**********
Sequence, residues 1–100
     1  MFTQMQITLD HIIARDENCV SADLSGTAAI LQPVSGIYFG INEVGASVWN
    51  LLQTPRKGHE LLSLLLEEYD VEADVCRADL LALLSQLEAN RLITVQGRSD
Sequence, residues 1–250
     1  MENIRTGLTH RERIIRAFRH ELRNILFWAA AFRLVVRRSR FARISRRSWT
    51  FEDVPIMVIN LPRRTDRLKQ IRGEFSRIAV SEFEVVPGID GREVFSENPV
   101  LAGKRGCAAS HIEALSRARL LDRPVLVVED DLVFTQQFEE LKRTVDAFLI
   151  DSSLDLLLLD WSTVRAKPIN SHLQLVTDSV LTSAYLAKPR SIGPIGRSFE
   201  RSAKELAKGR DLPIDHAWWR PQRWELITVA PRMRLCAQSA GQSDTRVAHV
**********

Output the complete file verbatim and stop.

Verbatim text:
Sequence, residues 1–100
     1  MFTQMQITLD HIIARDENCV SADLSGTAAI LQPVSGIYFG INEVGASVWN
    51  LLQTPRKGHE LLSLLLEEYD VEADVCRADL LALLSQLEAN RLITVQGRSD
Sequence, residues 1–250
     1  MENIRTGLTH RERIIRAFRH ELRNILFWAA AFRLVVRRSR FARISRRSWT
    51  FEDVPIMVIN LPRRTDRLKQ IRGEFSRIAV SEFEVVPGID GREVFSENPV
   101  LAGKRGCAAS HIEALSRARL LDRPVLVVED DLVFTQQFEE LKRTVDAFLI
   151  DSSLDLLLLD WSTVRAKPIN SHLQLVTDSV LTSAYLAKPR SIGPIGRSFE
   201  RSAKELAKGR DLPIDHAWWR PQRWELITVA PRMRLCAQSA GQSDTRVAHV